4 kids in 3 years: reflections on motherhood, art and life.
I ran into a friend at the kindergarten art show late last week.
“How’ve you been?” she asked.
“Ugh. I have shingles.”
She started to laugh a little.
“You know, I was just saying to T. that I have all these friends who do so much. I just don’t know how they do it. I used you as an example. I can barely keep a ball and a half in the air, and you do so much! How’d you do it, I wondered.”
“Yup. Shingles. That’s how I do it.”
“Ha! Yes! Shingles!” she cheerfully replied.
It’s been that kind of week, a week where it’s sometimes a funny thing. You know, “I got shingles!! On my lady bits!! Hahahaha. Right?! Who knew that could happen?! Hahahaha.”
Because anything that rhymes with Pringles and ends up on your lady bits has got to be at least a little bit funny, am I right?
So they gave me meds for pain and meds to try to shorten the duration of those shingles. And they told me to rest, which means now when I go to soccer practice in 45º spritzing rain, I lug a beach chair to sit on. I mean, while the doctor was looking at my bits and shaking his head and telling me I had to rest, I had three children ages 3, 5 and 5, crowded around my iPad watching Elmo in the examining room with me. With me. Seriously.
Last week was the week I was going to send out the invites for Jasper’s 7th birthday party and finish the owl woodcut for the pre-school auction. This weekend was the auction at the kindergarten, and I was going to help hang the art for the pre-school auction at the coffee shop. Then this week was the week I was going to finish printing and framing the pieces for my art exhibit. Are you following all this? Balls are dropping everywhere.
So this morning I limped around framing up the few prints already done before I got sick. I’d almost finished one piece -amidst the mayhem of watching the three youngest battle it out over Legos, ironing Perler beads and playing a hand of Go Fish- and then I realized I’d come up a ¼ inch short on the width of the frame.
That’s the metaphor for this week, the message. I am continually coming up a ¼ inch short. And shingles has just shined a shingly light on it.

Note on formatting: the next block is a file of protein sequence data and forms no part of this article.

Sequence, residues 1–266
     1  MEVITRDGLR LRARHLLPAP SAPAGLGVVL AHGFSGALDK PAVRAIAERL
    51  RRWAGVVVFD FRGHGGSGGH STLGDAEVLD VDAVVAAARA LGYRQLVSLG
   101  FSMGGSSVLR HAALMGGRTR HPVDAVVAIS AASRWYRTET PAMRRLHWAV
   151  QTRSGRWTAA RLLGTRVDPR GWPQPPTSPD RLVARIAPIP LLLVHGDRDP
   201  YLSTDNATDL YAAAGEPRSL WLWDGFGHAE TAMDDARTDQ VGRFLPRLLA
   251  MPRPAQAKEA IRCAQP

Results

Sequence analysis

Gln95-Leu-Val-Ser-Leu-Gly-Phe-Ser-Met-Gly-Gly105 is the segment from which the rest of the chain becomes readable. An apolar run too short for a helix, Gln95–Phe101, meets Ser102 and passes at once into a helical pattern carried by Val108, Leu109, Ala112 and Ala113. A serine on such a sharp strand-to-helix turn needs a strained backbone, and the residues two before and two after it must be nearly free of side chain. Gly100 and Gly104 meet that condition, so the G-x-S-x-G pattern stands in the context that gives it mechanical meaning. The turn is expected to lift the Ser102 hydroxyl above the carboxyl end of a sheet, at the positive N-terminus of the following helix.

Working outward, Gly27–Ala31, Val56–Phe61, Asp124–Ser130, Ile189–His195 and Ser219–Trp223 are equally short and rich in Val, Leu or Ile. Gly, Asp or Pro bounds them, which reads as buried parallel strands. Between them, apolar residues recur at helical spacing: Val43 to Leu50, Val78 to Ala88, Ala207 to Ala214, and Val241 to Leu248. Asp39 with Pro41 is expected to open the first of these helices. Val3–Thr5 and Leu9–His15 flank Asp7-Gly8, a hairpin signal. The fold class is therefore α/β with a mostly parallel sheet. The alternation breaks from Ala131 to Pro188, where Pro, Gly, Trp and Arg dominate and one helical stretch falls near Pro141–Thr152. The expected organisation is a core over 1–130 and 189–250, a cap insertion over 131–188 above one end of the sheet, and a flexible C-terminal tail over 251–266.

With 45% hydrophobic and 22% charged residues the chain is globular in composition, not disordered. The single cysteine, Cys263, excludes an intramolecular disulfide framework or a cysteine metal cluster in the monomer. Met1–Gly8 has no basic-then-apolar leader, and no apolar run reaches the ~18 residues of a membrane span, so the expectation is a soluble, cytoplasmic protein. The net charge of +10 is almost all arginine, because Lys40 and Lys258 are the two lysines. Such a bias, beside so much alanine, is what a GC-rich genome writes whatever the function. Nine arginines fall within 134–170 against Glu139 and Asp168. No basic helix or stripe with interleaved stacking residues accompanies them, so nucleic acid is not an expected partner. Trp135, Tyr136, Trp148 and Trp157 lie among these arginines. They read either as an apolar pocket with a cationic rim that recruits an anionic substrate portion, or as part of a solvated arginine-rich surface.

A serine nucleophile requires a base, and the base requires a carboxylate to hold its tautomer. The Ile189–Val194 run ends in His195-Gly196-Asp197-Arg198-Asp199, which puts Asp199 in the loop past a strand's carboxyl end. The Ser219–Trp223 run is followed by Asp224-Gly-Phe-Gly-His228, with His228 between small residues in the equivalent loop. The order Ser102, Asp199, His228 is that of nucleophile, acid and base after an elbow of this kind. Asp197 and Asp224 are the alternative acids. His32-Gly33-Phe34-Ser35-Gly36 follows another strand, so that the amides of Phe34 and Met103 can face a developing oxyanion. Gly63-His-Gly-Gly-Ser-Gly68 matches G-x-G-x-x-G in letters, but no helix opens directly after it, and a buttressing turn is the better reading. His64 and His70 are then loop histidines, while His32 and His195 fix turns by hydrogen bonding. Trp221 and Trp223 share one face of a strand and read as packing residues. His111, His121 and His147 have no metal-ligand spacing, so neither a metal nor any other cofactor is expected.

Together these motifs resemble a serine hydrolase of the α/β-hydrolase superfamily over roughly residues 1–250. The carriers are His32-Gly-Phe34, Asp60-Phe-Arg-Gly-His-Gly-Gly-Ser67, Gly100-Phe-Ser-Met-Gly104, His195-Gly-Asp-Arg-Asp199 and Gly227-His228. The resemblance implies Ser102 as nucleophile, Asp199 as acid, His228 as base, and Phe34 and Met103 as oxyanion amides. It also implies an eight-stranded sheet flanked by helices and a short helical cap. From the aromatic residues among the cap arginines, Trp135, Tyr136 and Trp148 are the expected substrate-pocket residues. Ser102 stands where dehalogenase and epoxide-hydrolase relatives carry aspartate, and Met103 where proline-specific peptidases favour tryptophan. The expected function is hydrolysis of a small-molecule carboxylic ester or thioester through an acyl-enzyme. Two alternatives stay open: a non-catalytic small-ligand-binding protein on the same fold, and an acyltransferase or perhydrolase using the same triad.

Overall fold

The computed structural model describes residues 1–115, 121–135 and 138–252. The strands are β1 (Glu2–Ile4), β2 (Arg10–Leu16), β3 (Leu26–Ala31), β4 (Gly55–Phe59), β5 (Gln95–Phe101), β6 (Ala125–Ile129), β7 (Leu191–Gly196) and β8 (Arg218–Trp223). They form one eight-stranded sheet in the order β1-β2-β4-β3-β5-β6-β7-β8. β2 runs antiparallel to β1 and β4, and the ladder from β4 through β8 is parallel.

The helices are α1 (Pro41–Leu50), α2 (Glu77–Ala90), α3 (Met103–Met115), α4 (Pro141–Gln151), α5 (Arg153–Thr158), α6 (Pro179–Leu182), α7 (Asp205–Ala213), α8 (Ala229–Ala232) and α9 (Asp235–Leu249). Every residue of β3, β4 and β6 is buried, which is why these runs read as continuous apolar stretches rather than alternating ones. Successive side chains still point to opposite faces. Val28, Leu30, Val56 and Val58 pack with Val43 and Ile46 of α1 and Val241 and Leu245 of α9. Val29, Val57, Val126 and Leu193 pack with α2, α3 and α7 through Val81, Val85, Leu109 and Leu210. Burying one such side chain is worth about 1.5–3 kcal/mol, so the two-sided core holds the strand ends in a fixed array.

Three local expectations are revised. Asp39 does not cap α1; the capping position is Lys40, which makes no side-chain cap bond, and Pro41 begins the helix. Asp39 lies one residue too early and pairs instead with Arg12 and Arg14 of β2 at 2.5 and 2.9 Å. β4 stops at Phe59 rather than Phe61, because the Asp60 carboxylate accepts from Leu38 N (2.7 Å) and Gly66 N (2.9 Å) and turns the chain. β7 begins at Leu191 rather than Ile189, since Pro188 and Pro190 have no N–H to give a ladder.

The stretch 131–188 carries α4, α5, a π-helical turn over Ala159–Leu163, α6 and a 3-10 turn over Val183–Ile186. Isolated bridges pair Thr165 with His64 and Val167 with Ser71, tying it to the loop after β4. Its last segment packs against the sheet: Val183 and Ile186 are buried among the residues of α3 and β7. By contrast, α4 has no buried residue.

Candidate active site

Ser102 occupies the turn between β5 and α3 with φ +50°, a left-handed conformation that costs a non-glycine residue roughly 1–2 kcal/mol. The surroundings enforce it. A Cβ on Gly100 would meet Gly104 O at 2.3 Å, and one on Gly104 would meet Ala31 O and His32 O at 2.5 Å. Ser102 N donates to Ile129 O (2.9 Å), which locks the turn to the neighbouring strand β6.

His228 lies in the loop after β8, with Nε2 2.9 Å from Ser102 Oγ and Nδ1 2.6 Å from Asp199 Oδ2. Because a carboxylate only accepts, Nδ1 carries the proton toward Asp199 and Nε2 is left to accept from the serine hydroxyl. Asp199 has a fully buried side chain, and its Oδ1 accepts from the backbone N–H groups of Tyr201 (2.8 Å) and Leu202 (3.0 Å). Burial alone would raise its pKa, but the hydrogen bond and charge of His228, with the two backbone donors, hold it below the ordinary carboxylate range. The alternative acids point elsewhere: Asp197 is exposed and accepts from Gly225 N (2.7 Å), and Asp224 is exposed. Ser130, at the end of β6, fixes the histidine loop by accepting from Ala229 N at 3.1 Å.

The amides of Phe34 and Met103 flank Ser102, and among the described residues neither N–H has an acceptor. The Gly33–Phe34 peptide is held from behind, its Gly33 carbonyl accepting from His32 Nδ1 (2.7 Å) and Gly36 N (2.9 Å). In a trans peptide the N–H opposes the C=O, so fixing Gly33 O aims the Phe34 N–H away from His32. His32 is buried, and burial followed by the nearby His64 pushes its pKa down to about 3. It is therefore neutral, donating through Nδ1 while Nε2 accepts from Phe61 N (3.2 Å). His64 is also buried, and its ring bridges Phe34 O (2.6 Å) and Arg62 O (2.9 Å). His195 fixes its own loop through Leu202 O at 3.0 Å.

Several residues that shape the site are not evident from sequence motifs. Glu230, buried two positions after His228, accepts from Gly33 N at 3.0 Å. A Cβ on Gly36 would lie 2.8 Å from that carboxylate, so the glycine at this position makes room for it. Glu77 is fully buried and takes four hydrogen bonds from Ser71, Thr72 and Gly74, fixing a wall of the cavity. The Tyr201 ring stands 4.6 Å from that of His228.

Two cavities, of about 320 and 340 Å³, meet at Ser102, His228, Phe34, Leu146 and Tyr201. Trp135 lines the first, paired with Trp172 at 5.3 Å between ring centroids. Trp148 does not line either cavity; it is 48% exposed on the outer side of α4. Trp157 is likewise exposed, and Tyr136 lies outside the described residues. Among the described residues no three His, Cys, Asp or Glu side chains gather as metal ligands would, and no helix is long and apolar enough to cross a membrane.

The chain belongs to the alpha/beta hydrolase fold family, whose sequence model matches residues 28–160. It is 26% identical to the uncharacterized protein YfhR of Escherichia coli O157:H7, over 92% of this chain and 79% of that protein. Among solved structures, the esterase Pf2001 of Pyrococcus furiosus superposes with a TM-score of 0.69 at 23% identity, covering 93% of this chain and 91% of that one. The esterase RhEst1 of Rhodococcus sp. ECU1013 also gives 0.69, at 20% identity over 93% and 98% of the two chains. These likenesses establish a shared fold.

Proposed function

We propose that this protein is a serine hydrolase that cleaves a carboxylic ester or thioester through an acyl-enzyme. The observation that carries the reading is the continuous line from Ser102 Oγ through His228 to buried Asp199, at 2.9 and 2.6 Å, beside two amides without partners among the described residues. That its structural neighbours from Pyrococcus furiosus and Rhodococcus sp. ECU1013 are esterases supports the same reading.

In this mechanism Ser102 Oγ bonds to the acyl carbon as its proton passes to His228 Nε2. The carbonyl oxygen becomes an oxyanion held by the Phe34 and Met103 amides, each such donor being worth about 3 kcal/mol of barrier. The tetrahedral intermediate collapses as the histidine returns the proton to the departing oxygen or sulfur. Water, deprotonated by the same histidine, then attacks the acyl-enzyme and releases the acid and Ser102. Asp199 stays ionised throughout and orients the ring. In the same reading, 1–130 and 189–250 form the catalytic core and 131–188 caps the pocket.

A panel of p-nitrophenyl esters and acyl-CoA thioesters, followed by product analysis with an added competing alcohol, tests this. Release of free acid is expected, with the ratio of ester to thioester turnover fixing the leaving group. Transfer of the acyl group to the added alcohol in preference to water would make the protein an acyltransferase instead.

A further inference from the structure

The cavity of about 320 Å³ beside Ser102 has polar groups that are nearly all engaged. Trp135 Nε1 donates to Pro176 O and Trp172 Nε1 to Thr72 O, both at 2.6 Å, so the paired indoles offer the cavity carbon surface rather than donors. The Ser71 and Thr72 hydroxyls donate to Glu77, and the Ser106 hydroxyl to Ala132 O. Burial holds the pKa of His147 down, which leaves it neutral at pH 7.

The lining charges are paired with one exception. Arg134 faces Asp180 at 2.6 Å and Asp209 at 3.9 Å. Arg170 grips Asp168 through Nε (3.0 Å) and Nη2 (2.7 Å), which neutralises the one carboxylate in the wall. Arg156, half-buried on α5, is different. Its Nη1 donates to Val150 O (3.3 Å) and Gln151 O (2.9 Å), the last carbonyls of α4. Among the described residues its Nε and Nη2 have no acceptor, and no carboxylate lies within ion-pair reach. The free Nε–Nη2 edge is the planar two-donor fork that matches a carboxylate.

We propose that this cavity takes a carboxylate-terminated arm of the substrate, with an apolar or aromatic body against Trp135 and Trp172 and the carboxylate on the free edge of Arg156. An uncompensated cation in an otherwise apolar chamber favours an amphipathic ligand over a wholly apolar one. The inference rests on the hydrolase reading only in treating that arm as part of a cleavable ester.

I returned to the doctor and she told me I need to rest more. Because it turns out I’m not even doing a good job at shingles.
Fast forward to just now, this afternoon. Driving to my six year-old’s first ever piano recital, and I suddenly got this funny feeling. I’d asked the teachers at drop-off what time the recital began, but still. I had that feeling a mother has when she’s about 20 minutes away from school and she senses that right that very minute her adorable kindergartner, dressed in a tie and sport coat and brand new sneakers, was stepping out onto the stage to play Pretty Princess on the piano.
I called the school and yes, I was right that very minute missing the recital.
Do you see what I mean? ¼ inch short.
And as I sped through the country roads, crying and punching the steering wheel, cursing in German, calling myself stupid, stupid, STUPID, a remake of Michael Jackson’s Man in the Mirror came on. And I looked in the mirror to see mascara running down my cheeks and my puffy red eyes… and my three year-old absolutely aghast, staring right back at me from her carseat in the row behind me.
So we missed his playing, but they had him play again, right there, in front of his classmates. He made a tiny mistake, a mistake he hadn’t made the first time. And so when I went up afterwards, he was crying.
“Why’d you make me do it again?” he gasped.
When the doctor told me I had shingles I started crying a little, too.
“It’s not like I told you that you have Parkinson’s!” he said. And I, of all people, know this. I know. These things are not that big. The prints and the show and these lost, lost days and helping my son’s first recital be a terrible experience; in the grand scheme, these things are little.
By the time you read this, and before I pick him up from school, I will have taken this 1/4 inch failure and I will have clenched it in my fist until it becomes a diamond. Then I will put it in my mouth and grind it between my teeth until it’s powder. And then I will swallow that powder down and exhale whatever is left. I will make it nothing.
But still, for now, that ¼ inch just feels like a little too damn much.